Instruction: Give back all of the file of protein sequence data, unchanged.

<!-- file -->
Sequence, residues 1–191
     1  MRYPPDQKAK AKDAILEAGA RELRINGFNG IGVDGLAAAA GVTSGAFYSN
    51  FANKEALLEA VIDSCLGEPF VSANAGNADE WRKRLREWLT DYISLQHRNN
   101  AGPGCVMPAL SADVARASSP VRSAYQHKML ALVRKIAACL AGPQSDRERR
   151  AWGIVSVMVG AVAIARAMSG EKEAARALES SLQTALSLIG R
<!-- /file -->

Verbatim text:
Sequence, residues 1–191
     1  MRYPPDQKAK AKDAILEAGA RELRINGFNG IGVDGLAAAA GVTSGAFYSN
    51  FANKEALLEA VIDSCLGEPF VSANAGNADE WRKRLREWLT DYISLQHRNN
   101  AGPGCVMPAL SADVARASSP VRSAYQHKML ALVRKIAACL AGPQSDRERR
   151  AWGIVSVMVG AVAIARAMSG EKEAARALES SLQTALSLIG R